What are taxable possessory interests?

Useful Rulings on Taxable Possessory Interests

Recent Rulings on Taxable Possessory Interests

BAHRAM JARIDIAN VS SUBARU OF AMERICA, INC., ET AL.

Malouf (1949) 95 Cal.App.2d 82, 107.) Defendant argues that Plaintiff’s fraud claim is barred by the statute of limitations. (Demurrer MPA, p. 8:16-17.) Defendant asserts that because “Plaintiff alleges the alleged Transmission Defect was concealed at the time plaintiff purchased the vehicle[, . . . ] any cause of action based on fraud expired after three years from the alleged lease date of July 18, 2015.” (Id. at p. 8:18-20.)

  • Hearing

SHEETZ V. COUNTY OF EL DORADO

Sperry Corp. (1989) 493 U.S. 52, 62, 110 S.Ct. 387, 107 L.Ed.2d 290, fn. 9 [“It is artificial to view deductions of a percentage of a monetary award as physical appropriations of property. Unlike real or personal property, money is fungible”].) In Ehrlich, we extended Nollan and Dolan slightly, recognizing an exception to the general rule of deference on distribution of monetary burdens, because the ad hoc, discretionary fee imposed in that case bore special potential for government abuse.

  • Hearing

DARIUSH G ADLI, ET AL. VS KEVIN D. FRAZER, ET AL.

Municipal Resource Consultants (2003) 107 Cal.App.4th 267, 278.) “Once a petition to confirm an award is filed, the superior court must select one of only four courses of action: it may confirm the award, correct and confirm it, vacate it, or dismiss the petition.” (EHM Productions, Inc. v. Starline Tours of Hollywood, Inc. (2018) 21 Cal.App.5th 1058, 1063.) “It is well settled that the scope of judicial review of arbitration awards is extremely narrow.” (California Faculty Assn. v.

  • Hearing

KIAN MORADZADEH VS CITY OF LOS ANGELES, A CALIFORNIA PUBLIC ENTITY, ET AL.

City of Pasadena (1945) 27 Cal.2d 104, 107–108, 162 P.2d 625; Capogeannis[ v. Superior Court (1993) 12 Cal.App.4th 668,] 676, 15 Cal.Rptr.2d 796.)” (Id. at 1180.) The facts alleged in the government claim and the complaint indicate that there is a continuing nuisance. Here, Plaintiff has alleged sufficient facts for nuisance. However, Plaintiff failed to attach the government claim forming the basis of this cause of action. Therefore, the demurrer is sustained with leave to amend.

  • Hearing

MARIA DE LOS ANGELES RAMIREZ VS PROLAND MANAGEMENT COMPANY L

., Exhibit A (Vasquez Depo), 107:1-108:24.) Defendants contend that during the September 27, 2016 meeting, Gregg informed Contreras that he was being let go because of the Text Messages. (DSS ¶ 16; Taylor Decl., Exhibit A (Vasquez Depo), 108:17-25.) Plaintiff disputes that Contreras was let go and contends that Contreras in fact continued to work for Defendants because he showed up at Plaintiff’s residence in “approximately August of 2017 or 2018” wearing an employee jacket from Defendants.

  • Hearing

  • Type

    Employment

  • Sub Type

    Wrongful Term

(NO CASE NAME AVAILABLE)

Columbus Line, Inc. (2003) 107 Cal. App. 4th 1190, 1199-1200.) After the plaintiff meets this burden, the burden shifts to the defendant to show that a triable issue of material fact exists. (Code Civ Proc., § 437c, subd. (p)(1).) The notice of motion must state the grounds on which the motion is made and the documents or evidence relied upon. (Code Civ. Proc., § 1010.) “If summary adjudication is sought . . .

  • Hearing

CATHERINE BRUNI VS CITY OF ALHAMBRA

Housing Authority of the City of Los Angeles Board of Commissioners (2003) 107 Cal.App.4th 860, 868 (Morrison).) “In exercising its independent judgment, a trial court must afford a strong presumption of correctness concerning the administrative findings, and the party challenging the administrative decision bears the burden of convincing the court that the administrative findings are contrary to the weight of the evidence.” (Fukuda v. City of Angels (1999) 20 Cal.4th 805, 817.)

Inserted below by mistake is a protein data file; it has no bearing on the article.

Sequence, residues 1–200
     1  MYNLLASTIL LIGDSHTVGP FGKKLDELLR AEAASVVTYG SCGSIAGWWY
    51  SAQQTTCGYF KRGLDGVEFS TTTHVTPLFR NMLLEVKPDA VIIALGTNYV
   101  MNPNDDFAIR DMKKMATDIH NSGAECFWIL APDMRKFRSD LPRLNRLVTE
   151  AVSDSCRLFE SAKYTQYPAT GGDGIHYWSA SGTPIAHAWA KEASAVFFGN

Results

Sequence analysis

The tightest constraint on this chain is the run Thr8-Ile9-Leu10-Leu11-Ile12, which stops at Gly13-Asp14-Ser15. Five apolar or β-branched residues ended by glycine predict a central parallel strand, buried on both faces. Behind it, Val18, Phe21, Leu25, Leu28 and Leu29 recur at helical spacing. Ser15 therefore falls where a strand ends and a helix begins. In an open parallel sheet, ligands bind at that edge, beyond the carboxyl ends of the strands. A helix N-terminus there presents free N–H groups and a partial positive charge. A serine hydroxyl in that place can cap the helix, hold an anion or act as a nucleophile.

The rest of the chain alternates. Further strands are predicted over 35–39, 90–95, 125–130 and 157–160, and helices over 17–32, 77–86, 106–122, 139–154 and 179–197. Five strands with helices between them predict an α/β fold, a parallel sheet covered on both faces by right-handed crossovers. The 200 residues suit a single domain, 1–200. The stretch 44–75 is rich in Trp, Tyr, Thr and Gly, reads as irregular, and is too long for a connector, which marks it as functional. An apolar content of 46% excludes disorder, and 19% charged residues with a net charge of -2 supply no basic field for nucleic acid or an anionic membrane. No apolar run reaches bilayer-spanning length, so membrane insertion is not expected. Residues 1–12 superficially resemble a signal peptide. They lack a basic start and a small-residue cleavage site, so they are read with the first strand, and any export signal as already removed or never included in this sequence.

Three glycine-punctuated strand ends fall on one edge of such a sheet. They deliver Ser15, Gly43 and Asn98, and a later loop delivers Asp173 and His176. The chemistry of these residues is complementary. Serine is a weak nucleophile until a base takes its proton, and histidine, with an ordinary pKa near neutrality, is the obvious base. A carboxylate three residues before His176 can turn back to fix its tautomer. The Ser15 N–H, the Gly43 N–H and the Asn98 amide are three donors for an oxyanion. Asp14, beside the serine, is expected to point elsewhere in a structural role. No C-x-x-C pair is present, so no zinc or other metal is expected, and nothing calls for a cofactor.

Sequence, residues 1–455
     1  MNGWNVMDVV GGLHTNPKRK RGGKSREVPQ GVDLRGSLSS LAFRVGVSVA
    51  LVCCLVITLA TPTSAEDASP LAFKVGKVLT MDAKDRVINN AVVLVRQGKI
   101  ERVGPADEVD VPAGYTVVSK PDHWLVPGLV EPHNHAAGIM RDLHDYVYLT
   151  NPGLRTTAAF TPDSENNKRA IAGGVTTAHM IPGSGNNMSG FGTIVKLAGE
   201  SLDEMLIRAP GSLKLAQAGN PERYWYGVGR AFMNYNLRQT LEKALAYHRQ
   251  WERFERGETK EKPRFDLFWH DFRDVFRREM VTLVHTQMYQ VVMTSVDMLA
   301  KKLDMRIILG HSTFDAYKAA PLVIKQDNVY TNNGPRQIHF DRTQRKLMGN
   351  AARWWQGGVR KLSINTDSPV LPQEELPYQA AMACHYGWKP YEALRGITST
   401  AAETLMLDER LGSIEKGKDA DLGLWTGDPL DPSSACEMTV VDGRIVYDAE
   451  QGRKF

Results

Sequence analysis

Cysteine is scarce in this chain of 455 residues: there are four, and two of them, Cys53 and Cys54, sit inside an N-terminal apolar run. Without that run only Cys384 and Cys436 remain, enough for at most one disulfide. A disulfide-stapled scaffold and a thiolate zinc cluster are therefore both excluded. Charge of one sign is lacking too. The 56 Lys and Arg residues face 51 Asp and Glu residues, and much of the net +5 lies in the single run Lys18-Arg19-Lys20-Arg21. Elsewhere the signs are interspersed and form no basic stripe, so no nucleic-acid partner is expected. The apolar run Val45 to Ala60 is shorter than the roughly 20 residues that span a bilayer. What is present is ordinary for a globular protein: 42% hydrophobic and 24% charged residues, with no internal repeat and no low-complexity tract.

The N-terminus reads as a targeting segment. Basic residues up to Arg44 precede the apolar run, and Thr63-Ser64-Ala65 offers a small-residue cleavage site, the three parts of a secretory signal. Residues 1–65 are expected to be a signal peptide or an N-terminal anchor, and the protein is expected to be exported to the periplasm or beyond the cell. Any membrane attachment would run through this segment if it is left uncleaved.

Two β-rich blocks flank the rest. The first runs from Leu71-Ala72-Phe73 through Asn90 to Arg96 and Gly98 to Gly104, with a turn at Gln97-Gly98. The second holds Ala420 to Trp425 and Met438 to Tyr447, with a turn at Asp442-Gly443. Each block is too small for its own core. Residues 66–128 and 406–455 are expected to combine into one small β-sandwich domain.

• Hearing

  • Type

    Administrative

  • Sub Type

    Writ

JANE JB DOE VS LOS ANGELES UNIFIED SCHOOL DISTRICT, A CALIFORNIA LOCAL PUBLIC ENTITY, ET AL.

(Complaint ¶¶ 107-116.) In addition, the TAC alleges “LAUSD, VAZQUEZ and BENNETT had actual information during the period of 2015-2017, that actual abuses of individuals, including students, by GILLARD were occurring.” (Complaint ¶ 394.)

  • Hearing

  • Type

    Personal Injury/ Tort

  • Sub Type

    other

TURMEL WOODS VS CITY OF COMPTON, A MUNICIPALITY

Regents of University of California (2003) 107 Cal.App.4th 899, 909.) The first cause of action in the FAC is based on a violation of Lab. Code § 1102.5; however, under Ortiz, despite being based on a Lab. Code § 1102.5, such cause of action is a common law tort and cannot be brought against Defendant. Therefore, the first cause of action is insufficient. Issue No.3: Punitive Damages The Court finds that Defendant’s argument as to punitive damages is unfounded.

  • Hearing

  • Type

    Employment

  • Sub Type

    Wrongful Term

LAGUNA GREENBELT INC VS. COUNTY OF ORANGE

The following portions of the declaratory relief claims survive this mofion: (1) Irvine's request for a judicial declarafion that sections 2.2.3 and 2.2.4 of the PAA are unlawful, void, and unenforceable, that the invalidation of those sections does not void the rest of the PAA, and that if it does, the property tax transfer and exchange provisions of the Master Property Tax Exchange Agreement 80-2035, dated October 28, 1980, shall be established pursuant to

  • Hearing

KRAFVE VS. KARFVE

(Complaint, ¶¶ 76, 77, 81, 82, 86, 87 [sixth cause of action] ¶¶ 102, 103, 107, 108, 112, 113). The Complaint alleges that defendant knew they were false statements when she made them and plaintiff denies he ever sexually or physically abused B.K. (Complaint, ¶¶ 79, 84, 89, 105, 110, 115.)

  • Hearing

INTELLISOFT, LTD. V. ACER AMERICA CORPORATION, ET AL.

Hagan (1951) 107 Cal.App.2d 313, 320.) Permission to file a compulsory cross-complaint is governed by Code of Civil Procedure section 426.50 and “must be granted unless bad faith of the moving party is demonstrated where forfeiture would otherwise result. Factors such as oversight, inadvertence, neglect, mistake or other cause, are insufficient grounds to deny the motion unless accompanied by bad faith.” (Silver Organizations Ltd. v. Frank (1990) 217 Cal.App.3d 94, 98–99.)

  • Hearing

SBH CAMDEN PROPERTIES, L.P. V. MIRASSOU, ET AL.